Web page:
Scientists Find Age-Related Changes in How Autism Affects the Brain

In the study, titled “Developmental Meta-Analysis of the Functional Neural Correlates of Autism Spectrum Disorders,” Daniel Dickstein, M.D., FAAP, director of the Pediatric Mood, Imaging and Neurodevelopment Program at Bradley Hospital, found that autism-related changes in brain activity continue into adulthood. “Our study was innovative because we used a new technique to directly compare the […]

Why Girls May Be Protected Against Autism

Author: Maia Szalavitz Boys outnumber girls when it comes to autism diagnoses, and researchers may have uncovered one reason why. Boys are four times more likely to be diagnosed with autism than girls, but whether that trend is rooted in biological differences between the genders or the fact that girls might simply hide their symptoms […]

Can Breakfast Make Kids Smarter?

Feb. 5, 2013 — New research from the University of Pennsylvania School of Nursing has found that children who regularly have breakfast on a near-daily basis had significantly higher full scale, verbal, and performance IQ test scores. In one of the first studies to examine IQ and breakfast consumption, researchers examined data from 1,269 children […]

Using Whole Body Listening to Increase Executive Functioning Skills

Written by: Elizabeth Sautter, MA, CCC-SLP & Sarah Ward, MS, CCC-SLP How many times have we, as parents and teachers, said to our children, “Pay attention!” or asked “Why aren’t you listening to me?” in a not-so-nice tone of voice. We give our children many directives, “Clean up the bathroom!”, “Get your backpack!”, “Put your […]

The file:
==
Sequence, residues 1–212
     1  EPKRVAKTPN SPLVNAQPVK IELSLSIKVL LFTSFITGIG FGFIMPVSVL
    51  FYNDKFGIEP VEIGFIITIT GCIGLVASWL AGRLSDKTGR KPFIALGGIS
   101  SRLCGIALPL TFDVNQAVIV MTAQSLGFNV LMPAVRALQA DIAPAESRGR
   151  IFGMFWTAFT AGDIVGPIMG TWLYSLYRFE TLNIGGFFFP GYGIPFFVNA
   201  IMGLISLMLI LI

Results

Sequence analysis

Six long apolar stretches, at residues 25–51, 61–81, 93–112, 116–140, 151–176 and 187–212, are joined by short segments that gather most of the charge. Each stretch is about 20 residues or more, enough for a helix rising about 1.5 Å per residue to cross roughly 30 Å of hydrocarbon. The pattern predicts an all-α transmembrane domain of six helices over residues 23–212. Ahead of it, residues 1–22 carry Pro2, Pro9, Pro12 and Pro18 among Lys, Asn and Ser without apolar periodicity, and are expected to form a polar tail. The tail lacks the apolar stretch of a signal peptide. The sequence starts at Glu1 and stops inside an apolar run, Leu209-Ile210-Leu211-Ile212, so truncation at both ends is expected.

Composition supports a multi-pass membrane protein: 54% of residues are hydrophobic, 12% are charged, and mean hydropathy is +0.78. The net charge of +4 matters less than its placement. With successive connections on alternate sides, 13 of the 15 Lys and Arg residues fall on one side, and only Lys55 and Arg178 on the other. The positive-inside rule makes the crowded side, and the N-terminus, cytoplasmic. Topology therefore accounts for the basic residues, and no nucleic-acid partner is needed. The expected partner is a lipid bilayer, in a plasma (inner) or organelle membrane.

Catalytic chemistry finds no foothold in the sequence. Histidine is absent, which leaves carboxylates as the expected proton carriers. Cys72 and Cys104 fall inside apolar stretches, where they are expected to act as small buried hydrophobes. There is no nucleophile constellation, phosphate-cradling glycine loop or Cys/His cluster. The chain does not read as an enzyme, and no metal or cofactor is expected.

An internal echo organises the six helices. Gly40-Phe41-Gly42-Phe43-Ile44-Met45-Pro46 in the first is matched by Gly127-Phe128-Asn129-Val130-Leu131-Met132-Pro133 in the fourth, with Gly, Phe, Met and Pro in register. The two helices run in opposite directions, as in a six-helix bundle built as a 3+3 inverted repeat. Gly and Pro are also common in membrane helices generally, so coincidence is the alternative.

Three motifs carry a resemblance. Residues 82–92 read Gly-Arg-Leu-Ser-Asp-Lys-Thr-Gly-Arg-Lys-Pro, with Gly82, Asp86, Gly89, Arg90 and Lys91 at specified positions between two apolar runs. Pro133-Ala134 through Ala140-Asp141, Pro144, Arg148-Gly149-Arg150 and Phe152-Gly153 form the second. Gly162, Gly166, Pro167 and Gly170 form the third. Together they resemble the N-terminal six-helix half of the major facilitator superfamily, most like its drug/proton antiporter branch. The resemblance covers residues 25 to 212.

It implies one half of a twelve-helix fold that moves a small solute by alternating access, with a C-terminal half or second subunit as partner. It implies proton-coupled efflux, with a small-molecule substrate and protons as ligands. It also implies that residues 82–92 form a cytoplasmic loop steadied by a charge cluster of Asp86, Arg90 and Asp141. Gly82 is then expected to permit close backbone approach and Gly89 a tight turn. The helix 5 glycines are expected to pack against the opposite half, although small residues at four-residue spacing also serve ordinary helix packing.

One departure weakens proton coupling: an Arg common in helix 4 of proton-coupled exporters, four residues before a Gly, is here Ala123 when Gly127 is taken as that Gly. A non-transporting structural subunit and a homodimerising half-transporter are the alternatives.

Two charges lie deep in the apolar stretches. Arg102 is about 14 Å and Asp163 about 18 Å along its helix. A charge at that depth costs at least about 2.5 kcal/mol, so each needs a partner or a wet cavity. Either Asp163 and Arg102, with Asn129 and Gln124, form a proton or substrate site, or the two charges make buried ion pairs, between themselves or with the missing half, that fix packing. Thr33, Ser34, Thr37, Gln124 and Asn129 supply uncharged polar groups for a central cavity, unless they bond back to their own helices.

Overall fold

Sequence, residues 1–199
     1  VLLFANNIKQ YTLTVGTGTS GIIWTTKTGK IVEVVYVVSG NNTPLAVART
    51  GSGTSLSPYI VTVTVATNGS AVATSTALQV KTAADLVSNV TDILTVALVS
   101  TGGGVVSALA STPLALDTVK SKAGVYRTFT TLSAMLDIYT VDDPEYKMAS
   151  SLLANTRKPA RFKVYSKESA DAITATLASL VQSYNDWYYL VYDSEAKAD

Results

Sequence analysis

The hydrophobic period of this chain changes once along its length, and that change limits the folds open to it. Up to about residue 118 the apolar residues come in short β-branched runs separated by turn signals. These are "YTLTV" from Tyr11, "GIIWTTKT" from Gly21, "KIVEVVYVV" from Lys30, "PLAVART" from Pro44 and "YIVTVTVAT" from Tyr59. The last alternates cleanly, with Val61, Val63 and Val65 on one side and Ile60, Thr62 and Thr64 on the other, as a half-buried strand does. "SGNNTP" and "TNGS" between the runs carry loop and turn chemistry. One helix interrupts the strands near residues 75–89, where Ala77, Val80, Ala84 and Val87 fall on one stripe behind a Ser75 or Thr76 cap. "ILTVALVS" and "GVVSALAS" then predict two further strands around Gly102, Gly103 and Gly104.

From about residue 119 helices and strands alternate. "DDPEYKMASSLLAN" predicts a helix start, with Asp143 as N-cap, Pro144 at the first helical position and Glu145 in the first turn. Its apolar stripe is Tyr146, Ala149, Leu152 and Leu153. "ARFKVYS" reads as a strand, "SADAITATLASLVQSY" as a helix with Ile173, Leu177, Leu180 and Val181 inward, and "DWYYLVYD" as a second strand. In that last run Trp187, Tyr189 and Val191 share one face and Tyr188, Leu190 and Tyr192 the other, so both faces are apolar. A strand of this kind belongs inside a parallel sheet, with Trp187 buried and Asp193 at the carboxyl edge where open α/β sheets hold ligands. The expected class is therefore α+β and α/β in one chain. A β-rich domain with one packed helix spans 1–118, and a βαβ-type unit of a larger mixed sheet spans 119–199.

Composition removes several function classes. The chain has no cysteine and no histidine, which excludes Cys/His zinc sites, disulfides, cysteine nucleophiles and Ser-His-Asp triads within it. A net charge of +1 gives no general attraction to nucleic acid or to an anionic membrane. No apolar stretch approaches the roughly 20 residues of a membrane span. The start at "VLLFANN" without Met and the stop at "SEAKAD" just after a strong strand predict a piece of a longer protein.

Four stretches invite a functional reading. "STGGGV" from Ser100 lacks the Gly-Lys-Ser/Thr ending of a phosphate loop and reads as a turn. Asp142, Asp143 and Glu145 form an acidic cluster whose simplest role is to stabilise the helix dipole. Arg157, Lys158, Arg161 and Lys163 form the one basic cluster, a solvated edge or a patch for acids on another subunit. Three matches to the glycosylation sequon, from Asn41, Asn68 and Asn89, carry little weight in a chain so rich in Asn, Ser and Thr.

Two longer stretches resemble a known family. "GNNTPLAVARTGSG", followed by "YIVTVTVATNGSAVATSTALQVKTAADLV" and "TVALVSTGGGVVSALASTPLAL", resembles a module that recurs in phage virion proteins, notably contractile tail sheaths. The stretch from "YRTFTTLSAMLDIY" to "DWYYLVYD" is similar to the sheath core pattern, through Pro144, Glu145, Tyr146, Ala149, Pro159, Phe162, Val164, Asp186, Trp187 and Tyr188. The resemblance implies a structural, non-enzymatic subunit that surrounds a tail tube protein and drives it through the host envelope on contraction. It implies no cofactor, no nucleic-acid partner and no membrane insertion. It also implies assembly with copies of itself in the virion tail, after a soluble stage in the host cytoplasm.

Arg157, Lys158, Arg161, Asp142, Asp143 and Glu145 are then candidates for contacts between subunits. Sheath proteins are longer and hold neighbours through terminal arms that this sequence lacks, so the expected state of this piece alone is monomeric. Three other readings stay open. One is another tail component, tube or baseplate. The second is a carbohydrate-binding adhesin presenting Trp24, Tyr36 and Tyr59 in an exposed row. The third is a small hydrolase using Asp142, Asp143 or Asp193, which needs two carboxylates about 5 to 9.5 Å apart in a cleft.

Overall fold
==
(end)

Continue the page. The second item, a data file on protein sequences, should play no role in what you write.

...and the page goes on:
Children’s Complex Thinking Skills Begin Before Going to School

This story is reprinted from materials provided by University of Chicago. Jan. 23, 2013 — New research at the University of Chicago and the University of North Carolina at Chapel Hill shows that children begin to show signs of higher-level thinking skills as young as age 4 ½. Researchers have previously attributed higher-order thinking development […]

Five Tips for Building Resiliency in Students with Special Education Needs

Author: Crawford Dedman Special Education Consultant www.challengingminds.com As we venture into the second half of the school year, I have been thinking a lot about the topic of resiliency in students. Resiliency can be defined as the ability to persist in the face of adversity or the ability to bounce back after facing a challenging […]

Study Says Background TV Adds Significantly to Children’s Exposure

Author: Julie Rasicot Many families may be spending time relaxing around the TV over the holidays. A recent study suggests, however, that parents and caregivers should be mindful of turning off the set if no one’s actually watching to limit hours of unintended exposure for kids. Researchers found that, on average, children in the United […]

Tips for Improving Reading Fluency

The following tips are a summary from the National Reading Panel’s Report on reading fluency. When your child reads out loud, does it sound choppy or broken up? Does your child have trouble understanding and remembering things he has read out loud? Your child may benefit from some tips on improving reading fluency. What Is […]

ADHD Linked to Oxygen Deprivation Before Birth

Story Source: The below story is reprinted from materials provided by Kaiser Permanente, via EurekAlert!, a service of AAAS. Dec. 10, 2012 — Children who had in-utero exposure to ischemic-hypoxic conditions, situations during which the brain is deprived of oxygen, were significantly more likely to develop attention deficit hyperactivity disorder later in life as compared […]

Bedwetting and Special Needs Children

Author: Austin Sheeley Bedwetting can be frustrating for both children and parents, whether or not they have special needs. But don’t worry–there are several things you can do to help your child overcome bedwetting. 1. Be Supportive! Perhaps the most important thing is to simply be supportive. Children put great trust in their parents’ beliefs. […]